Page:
Long ago I was helped by the book I Know Just How You Feel…Avoiding the Clichés of Grief. The author, Erin Linn, teaches us that we can never fully apprehend the experience of grief someone feels after painful loss.
I felt I had come face to face with pure evil. Lord, have mercy…
This is true as well in race relations. I have known in my head that as a white male I cannot ever say to African American/black friends “I know just how you feel about your experience in American history and contemporary American culture.”
The 2018 Sankofa trip confirmed that truth deeply in my heart.
Confronting the troubled history of race in our nation leads to grief. And lament. And despair. And anger. And bewilderment over how such things could ever come to be. For me, these feelings were greatly intensified because of my African American/black Sankofa colleagues who made themselves deeply vulnerable. They let me and the other white Sankofa participants watch them experience the places where their ancestors were enslaved, stripped of dignity, tortured, lynched, beaten, hosed with water cannons, bombed, and denied basic rights in a variety of unfolding ways.
As we sat in a church basement in Atlanta for our final debriefing meeting, I said that I felt I had come face to face with pure evil. Lord, have mercy. Christ, have mercy. Lord, have mercy upon us.
There were many gripping, sobering experiences, but I will highlight two.
The first was in Montgomery, Alabama, at the Equal Justice Initiative’s newly opened Legacy Museum: From Enslavement to Mass Incarceration (built on a former slave pen, where slaves were imprisoned before being sold at auction). The museum painfully communicates that slavery didn’t really end in 1865; it evolved into new noxious forms such as Jim Crow, lynching, voter suppression, and mass incarceration. I will never forget seeing the wall lined with large glass jars, each holding soil from the place where a lynching took place. Equally impactful, just a few blocks from the Legacy Museum, was the National Memorial for Peace and Justice, another brilliant creation of the Equal Justice Initiative. Over 800 steel monuments are suspended from the ceiling of this outdoor memorial, each recording the names of those lynched in every county in the United States where lynchings took place: over 4,000 from 1877 to 1950. The brilliant design of this memorial expresses the horror of this terror with shocking clarity.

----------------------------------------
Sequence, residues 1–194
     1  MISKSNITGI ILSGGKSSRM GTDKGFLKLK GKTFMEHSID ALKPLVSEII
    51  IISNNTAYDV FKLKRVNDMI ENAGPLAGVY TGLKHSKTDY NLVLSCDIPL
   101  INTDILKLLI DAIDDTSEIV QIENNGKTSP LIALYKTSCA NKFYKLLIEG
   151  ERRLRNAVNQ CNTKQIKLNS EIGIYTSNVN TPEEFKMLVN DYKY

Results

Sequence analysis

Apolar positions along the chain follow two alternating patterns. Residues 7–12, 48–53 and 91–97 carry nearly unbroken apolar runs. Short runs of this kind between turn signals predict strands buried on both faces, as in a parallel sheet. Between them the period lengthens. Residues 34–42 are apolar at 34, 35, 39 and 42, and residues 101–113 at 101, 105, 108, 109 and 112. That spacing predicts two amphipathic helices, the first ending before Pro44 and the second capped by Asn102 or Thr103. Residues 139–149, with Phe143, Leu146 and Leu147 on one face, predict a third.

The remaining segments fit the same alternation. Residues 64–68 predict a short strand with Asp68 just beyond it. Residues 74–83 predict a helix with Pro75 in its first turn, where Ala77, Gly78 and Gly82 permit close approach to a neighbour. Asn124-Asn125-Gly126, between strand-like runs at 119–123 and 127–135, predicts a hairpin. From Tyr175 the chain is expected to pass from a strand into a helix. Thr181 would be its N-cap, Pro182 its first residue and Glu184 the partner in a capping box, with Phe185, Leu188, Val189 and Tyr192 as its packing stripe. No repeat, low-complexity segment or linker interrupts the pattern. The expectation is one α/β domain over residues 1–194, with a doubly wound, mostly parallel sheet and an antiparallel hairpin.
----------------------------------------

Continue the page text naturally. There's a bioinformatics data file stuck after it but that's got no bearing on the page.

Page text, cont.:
(Slavery) evolved into new noxious forms such as Jim Crow, lynching, voter suppression, and mass incarceration…
The second was the visit to the Lorraine Motel in Memphis where the Rev. Dr. Martin Luther King, Jr. was assassinated on April 4, 1968. I could feel the enormity of the loss of Dr. King from the moment I stepped off the bus and took a few short steps to stand beneath the balcony where he perished. Inside the National Civil Rights Museum (that incorporates the Lorraine Motel) I watched portions of the video of Dr. King’s “I Have a Dream Speech.”
…deepened fellowship and renewed motivation to follow in the steps of Jesus
I believe the way forward to racial healing and racial justice is through experiences such as this Sankofa trip. What a profound way to face the past so that we can move forward, together. What a blessing to unite Christian leaders, black and white and from every ethnicity, in deepened fellowship and renewed motivation to follow in the steps of Jesus: proclaiming good news to the poor, liberty to the captives and the oppressed, and recovery of sight to the blind (Luke 4:18).
The Sankofa experience generates profound grief. But, as the Apostle Paul reminds us, as followers of Jesus we do not “grieve as others do who have no hope” (1 Thessalonians 4:13). Not minimizing the pain, not ignoring the complexities before us, we nevertheless dare to believe in a better and brighter future. It is our Lord Jesus himself who teaches us that “with God all things are possible” (Matthew 19:26).
Pastor David Lenz is the Lead Pastor at Hope Church in Richfield